GSA Spotlight: Washington’s Joe DeMersGolden Spikes Spotlight
As the series opener against UC Riverside progressed last Saturday, Washington junior righthander Joe DeMers kept putting up zeroes. Early in the game? Zeroes. Middle innings? Zeroes. So, when UW pitching coach Jason Kelly peeked up at the scoreboard in the eighth inning, it finally started to sink in. Not only was DeMers closing in on a no-hitter, he was on the verge of recording the first perfect game in Husky history.
Perhaps no pitching coach expects his arms to record a perfect game at any point in their careers, but when the Huskies signed DeMers out of high school, Kelly envisioned being able to share many of these types of moments with the premier righty. He was expected to be an elite arm in college baseball and a total game-changing prospect for UW.
DeMers got through that eighth inning against UCR unscathed and came out for the ninth with a surprisingly low pitch count. The first Highlanders hitter grounded out to third, the next struck out looking, and the final batter of the game flew out to center field.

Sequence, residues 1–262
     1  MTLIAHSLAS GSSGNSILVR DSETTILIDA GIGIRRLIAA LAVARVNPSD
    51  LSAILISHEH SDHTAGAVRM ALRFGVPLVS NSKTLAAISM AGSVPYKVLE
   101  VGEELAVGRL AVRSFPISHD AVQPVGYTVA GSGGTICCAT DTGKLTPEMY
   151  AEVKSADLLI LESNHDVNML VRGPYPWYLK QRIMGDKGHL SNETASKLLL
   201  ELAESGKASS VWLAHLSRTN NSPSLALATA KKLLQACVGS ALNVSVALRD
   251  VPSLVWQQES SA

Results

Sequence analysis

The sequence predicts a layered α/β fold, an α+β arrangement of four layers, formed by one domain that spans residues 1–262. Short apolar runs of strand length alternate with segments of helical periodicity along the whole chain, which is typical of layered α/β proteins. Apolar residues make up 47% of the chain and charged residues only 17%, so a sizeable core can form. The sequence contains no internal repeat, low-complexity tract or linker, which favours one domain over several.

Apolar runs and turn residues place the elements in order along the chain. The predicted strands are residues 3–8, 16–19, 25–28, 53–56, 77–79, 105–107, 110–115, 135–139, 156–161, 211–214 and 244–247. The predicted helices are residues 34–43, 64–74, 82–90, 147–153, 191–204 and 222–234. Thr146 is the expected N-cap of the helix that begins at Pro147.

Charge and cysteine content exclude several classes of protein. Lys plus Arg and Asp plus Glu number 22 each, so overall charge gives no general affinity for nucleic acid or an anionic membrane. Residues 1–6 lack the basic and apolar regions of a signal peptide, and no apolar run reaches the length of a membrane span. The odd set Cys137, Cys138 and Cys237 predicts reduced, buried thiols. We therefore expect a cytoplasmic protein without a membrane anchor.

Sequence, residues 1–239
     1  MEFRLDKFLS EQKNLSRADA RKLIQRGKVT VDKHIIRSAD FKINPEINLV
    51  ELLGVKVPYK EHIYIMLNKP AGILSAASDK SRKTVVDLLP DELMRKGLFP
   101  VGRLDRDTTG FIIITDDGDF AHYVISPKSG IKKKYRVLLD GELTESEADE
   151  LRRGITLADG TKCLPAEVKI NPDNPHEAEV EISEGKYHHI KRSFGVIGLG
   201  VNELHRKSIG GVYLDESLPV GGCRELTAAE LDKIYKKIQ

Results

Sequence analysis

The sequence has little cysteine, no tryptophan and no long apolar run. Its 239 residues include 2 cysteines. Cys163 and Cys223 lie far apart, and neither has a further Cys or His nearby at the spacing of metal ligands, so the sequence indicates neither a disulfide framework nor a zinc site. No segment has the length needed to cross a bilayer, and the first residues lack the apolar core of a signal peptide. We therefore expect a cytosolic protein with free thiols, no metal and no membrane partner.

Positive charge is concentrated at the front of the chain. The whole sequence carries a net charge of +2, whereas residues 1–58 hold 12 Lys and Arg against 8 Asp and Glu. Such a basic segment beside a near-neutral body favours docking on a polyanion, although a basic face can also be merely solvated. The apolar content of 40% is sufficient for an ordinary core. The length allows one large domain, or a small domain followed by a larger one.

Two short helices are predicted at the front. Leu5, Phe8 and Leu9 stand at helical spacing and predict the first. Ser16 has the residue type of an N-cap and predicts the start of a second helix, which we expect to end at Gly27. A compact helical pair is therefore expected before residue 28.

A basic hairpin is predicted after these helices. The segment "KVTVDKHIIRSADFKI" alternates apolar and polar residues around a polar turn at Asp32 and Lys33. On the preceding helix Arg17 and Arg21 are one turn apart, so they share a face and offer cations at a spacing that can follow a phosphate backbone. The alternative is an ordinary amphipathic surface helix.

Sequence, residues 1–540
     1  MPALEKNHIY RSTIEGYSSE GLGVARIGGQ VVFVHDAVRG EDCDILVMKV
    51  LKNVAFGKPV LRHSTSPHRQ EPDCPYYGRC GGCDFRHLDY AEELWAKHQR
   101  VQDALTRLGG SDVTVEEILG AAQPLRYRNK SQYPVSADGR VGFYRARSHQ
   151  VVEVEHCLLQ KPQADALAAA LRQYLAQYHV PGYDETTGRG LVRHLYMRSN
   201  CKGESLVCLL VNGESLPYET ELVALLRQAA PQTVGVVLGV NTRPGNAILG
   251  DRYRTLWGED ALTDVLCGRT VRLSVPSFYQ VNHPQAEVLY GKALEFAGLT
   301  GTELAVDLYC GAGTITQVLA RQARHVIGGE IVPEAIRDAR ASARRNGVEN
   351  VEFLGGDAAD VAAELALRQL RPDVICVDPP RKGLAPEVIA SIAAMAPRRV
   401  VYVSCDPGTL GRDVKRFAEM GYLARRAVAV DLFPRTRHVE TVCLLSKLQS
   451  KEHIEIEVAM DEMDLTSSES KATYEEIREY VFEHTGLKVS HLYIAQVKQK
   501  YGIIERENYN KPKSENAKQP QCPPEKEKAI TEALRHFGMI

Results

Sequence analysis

The impossible had been accomplished. DeMers threw a perfect game. Kelly, who recruited DeMers and has taught him tricks of the trade the last two seasons, couldn’t help but to soak it all in as the Huskies celebrated with their history-making hurler.
“It’s something I’ve never been a part of, and it’s something not something you really anticipate at all,” Kelly said. “You don’t know how you’re going to feel if it happens, but we got to about the eighth inning and then I realized this could happen. I was just excited for him, because he pitched so well.
“Honestly, from my perspective, it wasn’t all about the perfect game,” he continued. “It was about him. There aren’t many days in your pitching career when you go out there and throw almost every pitch for a strike, and throw it exactly where you want it. That performance was the culmination of a lot of hard work for Joe.”
Though some pitchers were lucky enough to pitch in warmer temperatures last weekend, DeMers did the deed in brutally cold temperatures — officially 43 degrees and cloudy in Seattle. In other words, you’d expect a pitcher to be somewhat rusty.